Bernanke thinks printing money and borrowing from the future via cash-for-clunkers can have lasting benefits. I think that if anything lasting comes from cash-for-clunkers, it will be net-negative.

Bernanke is still extremely concerned about commercial real estate, bank lending, and jobs. On those issues he is certainly right to be concerned. Here are a few snips from the speech.

Bank Lending Practices

Access to credit remains strained for borrowers who are particularly dependent on banks, such as households and small businesses. Bank lending has contracted sharply this year, and the Federal Reserve’s Senior Loan Officer Opinion Survey on Bank Lending Practices shows that banks continue to tighten the terms on which they extend credit for most kinds of loans--although recently the pace of tightening has slowed somewhat. Partly as a result of these pressures, household debt has declined in recent quarters for the first time since 1951. For their part, many small businesses have seen their bank credit lines reduced or eliminated, or they have been able to obtain credit only on significantly more restrictive terms. The fraction of small businesses reporting difficulty in obtaining credit is near a record high, and many of these businesses expect credit conditions to tighten further.

While I am on the topic of bank lending, I would like to add a few words about commercial real estate (CRE). Demand for commercial property has dropped as the economy has weakened, leading to significant declines in property values, increased vacancy rates, and falling rents. These poor fundamentals have caused a sharp deterioration in the credit quality of CRE loans on banks’ books and of the loans that back commercial mortgage-backed securities (CMBS). Pressures may be particularly acute at smaller regional and community banks that entered the crisis with high concentrations of CRE loans. In response, banks have been reducing their exposure to these loans quite rapidly in recent months. Meanwhile, the market for securitizations backed by these loans remains all but closed. With nearly $500 billion of


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Speculation In China Does Not Mean Inflation In The US

Speculation In China Does Not Mean Inflation In The US

Courtesy of Mish

Inflationists and even hyperinflationist are coming out of the woodwork. Even some people I highly respect have jumped on the hyperinflation bandwagon. Given that the Flow of Funds Report Offers Hard Evidence of Deflation, I am not changing my tune.

Some of the inflation fears stem from a falling US dollar that seems to me to be range bound. In addition, there has been a strong rebound in commodity prices. OK oil prices more than doubled from the December low to over $70. However that is a far cry from $140.

Even many deflationists (at least me) thought oil prices bottomed and Treasury yields may have. Yet, suddenly a snapback rally in commodity prices is supposed to mean a powerful surge in inflation, perhaps even hyperinflation?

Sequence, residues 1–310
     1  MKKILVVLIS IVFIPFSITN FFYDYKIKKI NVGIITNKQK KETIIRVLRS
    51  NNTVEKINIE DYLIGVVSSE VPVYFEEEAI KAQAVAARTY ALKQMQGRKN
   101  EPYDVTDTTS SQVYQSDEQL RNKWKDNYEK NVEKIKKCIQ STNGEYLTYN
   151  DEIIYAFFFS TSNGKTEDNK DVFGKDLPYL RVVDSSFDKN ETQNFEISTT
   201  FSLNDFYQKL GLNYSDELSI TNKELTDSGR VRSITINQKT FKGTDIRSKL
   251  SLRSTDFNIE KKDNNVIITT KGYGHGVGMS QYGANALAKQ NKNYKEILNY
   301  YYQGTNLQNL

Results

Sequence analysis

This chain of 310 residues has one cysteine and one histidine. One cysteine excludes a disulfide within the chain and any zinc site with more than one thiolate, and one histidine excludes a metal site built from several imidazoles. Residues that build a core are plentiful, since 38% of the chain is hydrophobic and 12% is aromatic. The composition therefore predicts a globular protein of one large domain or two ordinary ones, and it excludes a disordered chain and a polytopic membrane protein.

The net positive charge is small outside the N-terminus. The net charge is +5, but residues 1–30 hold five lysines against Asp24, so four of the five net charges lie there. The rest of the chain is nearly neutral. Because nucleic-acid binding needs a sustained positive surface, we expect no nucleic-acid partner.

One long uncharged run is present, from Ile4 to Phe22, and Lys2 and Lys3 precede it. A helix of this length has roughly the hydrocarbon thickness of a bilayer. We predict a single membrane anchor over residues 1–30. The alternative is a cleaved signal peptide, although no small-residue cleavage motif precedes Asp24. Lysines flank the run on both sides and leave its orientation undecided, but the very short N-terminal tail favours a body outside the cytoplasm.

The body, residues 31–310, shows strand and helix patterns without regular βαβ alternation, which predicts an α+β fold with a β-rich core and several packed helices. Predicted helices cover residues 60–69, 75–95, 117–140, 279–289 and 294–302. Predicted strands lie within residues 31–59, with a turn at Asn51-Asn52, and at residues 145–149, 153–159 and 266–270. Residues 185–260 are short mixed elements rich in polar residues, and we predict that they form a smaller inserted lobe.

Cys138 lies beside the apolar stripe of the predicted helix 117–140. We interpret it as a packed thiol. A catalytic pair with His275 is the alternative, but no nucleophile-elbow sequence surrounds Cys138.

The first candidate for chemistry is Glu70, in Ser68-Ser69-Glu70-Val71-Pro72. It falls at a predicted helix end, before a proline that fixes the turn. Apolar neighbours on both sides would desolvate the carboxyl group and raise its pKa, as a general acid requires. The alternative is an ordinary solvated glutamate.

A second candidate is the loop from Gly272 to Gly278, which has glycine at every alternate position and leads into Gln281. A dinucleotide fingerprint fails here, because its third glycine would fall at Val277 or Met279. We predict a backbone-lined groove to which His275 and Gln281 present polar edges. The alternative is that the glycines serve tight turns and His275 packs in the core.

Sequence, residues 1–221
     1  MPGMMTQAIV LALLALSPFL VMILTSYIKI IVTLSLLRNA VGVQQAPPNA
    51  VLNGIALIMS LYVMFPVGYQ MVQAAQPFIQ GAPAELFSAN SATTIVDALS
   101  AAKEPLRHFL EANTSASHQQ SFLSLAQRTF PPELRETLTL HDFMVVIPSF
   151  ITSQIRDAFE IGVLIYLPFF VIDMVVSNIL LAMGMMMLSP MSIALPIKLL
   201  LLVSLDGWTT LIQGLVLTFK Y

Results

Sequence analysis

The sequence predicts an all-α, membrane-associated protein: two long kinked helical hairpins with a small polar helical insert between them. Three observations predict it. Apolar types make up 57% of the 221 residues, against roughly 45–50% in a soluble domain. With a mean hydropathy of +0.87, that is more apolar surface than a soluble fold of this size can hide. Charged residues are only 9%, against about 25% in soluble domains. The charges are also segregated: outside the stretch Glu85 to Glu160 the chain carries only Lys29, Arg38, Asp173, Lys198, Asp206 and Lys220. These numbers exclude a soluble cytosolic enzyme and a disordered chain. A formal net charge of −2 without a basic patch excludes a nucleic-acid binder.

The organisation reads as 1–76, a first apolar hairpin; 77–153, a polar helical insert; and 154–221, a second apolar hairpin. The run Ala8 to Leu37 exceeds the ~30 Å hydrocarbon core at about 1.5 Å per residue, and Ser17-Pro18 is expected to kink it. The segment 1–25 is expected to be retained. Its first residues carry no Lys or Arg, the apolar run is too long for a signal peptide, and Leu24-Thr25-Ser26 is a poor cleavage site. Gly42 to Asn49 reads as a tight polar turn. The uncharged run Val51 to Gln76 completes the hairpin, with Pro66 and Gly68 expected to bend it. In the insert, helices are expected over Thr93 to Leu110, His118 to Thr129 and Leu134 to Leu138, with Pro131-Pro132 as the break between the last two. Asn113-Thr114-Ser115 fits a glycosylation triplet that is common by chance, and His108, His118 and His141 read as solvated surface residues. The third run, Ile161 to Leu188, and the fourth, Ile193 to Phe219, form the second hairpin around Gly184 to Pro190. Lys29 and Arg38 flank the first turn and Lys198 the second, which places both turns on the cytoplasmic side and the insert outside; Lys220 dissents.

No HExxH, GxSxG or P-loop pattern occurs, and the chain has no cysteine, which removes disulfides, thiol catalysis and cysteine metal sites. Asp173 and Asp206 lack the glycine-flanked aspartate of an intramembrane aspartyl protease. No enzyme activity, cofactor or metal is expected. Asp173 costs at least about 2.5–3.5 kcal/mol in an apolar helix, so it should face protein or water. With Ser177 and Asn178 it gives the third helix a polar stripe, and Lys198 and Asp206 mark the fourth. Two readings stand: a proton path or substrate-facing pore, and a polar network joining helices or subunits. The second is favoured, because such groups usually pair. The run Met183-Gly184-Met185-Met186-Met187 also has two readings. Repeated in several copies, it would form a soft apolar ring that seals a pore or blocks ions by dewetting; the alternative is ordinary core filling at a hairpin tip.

WTIC – Light Sweet Crude Weekly

WTIC chart

click on chart for sharper image

On a log chart the oil rebound looks impressive. On a retrace perspective, the story is different. The first Fibonacci retrace level at 38.2% has not even been reached. This is hyperinflation?

Fear the Dark Side of China’s Lending Surge

The easy scapegoat for rising commodity prices is a collapsing US dollar, strong inflation or even hyperinflation in the US. Sadly, few seem to have noticed (except when it is convenient to their theories) that this is a global economy, peak oil is a factor, and so are happenings in China.

I had a bookmark of an interesting post by Andy Xie lined up for today to talk about. It’s called "Fear the Dark Side of China’s Lending Surge". Unfortunately the post is no longer available or the site is now restricted.

However, Yves Smith at Naked Capitalism posted it earlier this weekend. Please consider Xie: Chinese Banks Funding Commodities Speculation, Casting Doubt on Recovery

The current surge in commodity prices, for example, is being fueled by China’s demand for speculative inventory.

Commodity prices have skyrocketed since March. The weak global economy can’t support high commodity prices. Instead, low interest rates and inflation fears are driving money into commodity buying.

Exchange-traded funds (ETFs) alone account for half of the activity on the oil futures market. ETFs allow retail investors to act like hedge funds. This product has serious implications for monetary policymaking. One consequence is that inflation


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Passive Products and Active Users

 

Passive Products and Active Users

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The 20 largest ETFs have $1.556 trillion in assets. While the indexes they track are passive, their users are anything but. Over the previous twelve months, the total trading volume in these products was a whopping $11.529 trillion.

A recent paper from ...



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Insider Scoop

10 Stocks To Watch For October 17, 2019

Courtesy of Benzinga

Some of the stocks that may grab investor focus today are:

  • Wall Street expects Morgan Stanley (NYSE: MS) to report quarterly earnings at $1.13 per share on revenue of $9.70 billion before the opening bell. Morgan Stanley shares rose 0.9% to $43.19 in after-hours trading.
  • Analysts expect Intuitive Surgical, Inc. (NASDAQ: ISRG) ...